The man felt up the length of her arm. “Just how young are you? Where’s your party?” His voice was deep, with an edge of roughness—eminently masculine, like his grip and size. She began to feel more than a little annoyed.

“Party? Did I miss the celebration?” she quipped.

He gave a bark of laughter, but in the dim glow she could see his eyes narrow. “Who did you come with? I didn’t see anyone else in the jungle. The Indians said no one’s been here for months.”

No one here for months? She snorted and pulled her arm free. “Look, friend, I don’t know who you are or where you’ve been, but if you go a mile or so south of here you’ll run right into Tikal. Which is where I intend to be very shortly.” The minute I’ve finished what I came here to do, that is.

“Tikal,” he repeated. “I would have known if anyone else was here.”

Great. She’d had just the luck to run into a lunatic in a very dark tunnel. She backed away. “Whatever you say. If you don’t mind, I have business to take care of.”

She calculated how best to slip around him and had gone a few yards when he reappeared beside her. His footfalls were eerily soundless; the hair stood up on her neck.

“I’ll join you, lad. My lantern broke, and I’ll need your light.”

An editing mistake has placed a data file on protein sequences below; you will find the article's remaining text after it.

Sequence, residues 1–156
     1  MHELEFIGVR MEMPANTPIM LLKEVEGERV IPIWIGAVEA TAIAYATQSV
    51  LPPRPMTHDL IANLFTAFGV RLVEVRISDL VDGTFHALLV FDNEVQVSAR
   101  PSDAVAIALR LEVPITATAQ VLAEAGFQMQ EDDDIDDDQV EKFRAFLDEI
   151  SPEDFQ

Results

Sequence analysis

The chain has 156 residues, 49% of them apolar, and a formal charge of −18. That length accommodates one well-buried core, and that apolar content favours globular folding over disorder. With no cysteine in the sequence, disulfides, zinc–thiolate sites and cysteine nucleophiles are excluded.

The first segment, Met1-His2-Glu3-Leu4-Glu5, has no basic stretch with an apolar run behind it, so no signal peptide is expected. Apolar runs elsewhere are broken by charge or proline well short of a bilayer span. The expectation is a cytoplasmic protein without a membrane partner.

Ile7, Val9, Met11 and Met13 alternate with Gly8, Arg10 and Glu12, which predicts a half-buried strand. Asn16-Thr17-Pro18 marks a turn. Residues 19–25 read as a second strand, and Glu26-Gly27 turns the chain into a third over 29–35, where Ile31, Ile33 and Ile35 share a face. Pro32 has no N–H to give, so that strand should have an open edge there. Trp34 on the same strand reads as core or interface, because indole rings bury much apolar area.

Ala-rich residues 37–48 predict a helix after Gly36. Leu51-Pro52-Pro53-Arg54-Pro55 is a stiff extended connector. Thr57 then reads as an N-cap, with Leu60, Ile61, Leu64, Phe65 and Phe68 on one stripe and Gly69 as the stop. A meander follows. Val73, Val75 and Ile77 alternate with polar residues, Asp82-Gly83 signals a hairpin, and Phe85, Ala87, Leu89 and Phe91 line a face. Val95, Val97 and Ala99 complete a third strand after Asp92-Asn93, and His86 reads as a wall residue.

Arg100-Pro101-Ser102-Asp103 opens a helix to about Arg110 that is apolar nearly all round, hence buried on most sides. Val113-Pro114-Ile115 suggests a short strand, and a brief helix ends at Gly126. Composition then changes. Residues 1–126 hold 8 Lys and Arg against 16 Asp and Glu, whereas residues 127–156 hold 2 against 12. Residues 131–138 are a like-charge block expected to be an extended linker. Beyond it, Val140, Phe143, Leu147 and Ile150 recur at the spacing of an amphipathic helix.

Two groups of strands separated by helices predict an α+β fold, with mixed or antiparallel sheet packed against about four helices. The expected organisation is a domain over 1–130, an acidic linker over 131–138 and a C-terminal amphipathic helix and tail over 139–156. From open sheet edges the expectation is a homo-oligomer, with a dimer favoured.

Great. “Well, uh, that would be fine except I have something to do before I leave—”

“Nonsense. This is no place for a child.” His hand fastened around her arm again before she could dodge out of the way. The masculine scent of him, as primal as the jungle itself, nearly overpowered her. His strength was irresistible, though Mac had never been weak. Fighting him didn’t seem like such a good idea just now.

“You can take me to your camp when we’re out of here,” he said, steering her along. “I have supplies to replenish, and I want to see who arrived without my knowing about it.”

He sounded disgruntled, she thought. What did he expect— having the entire jungle and its contents to himself? He’d be plenty annoyed when he saw all the tourists at Tikal.

“I can show you the trail back to Tikal,” she said. And you can bet we’ll part company the minute I get the chance.

“Will you, then?” he said, and gave an inelegant snort. “I’ll appreciate the help.”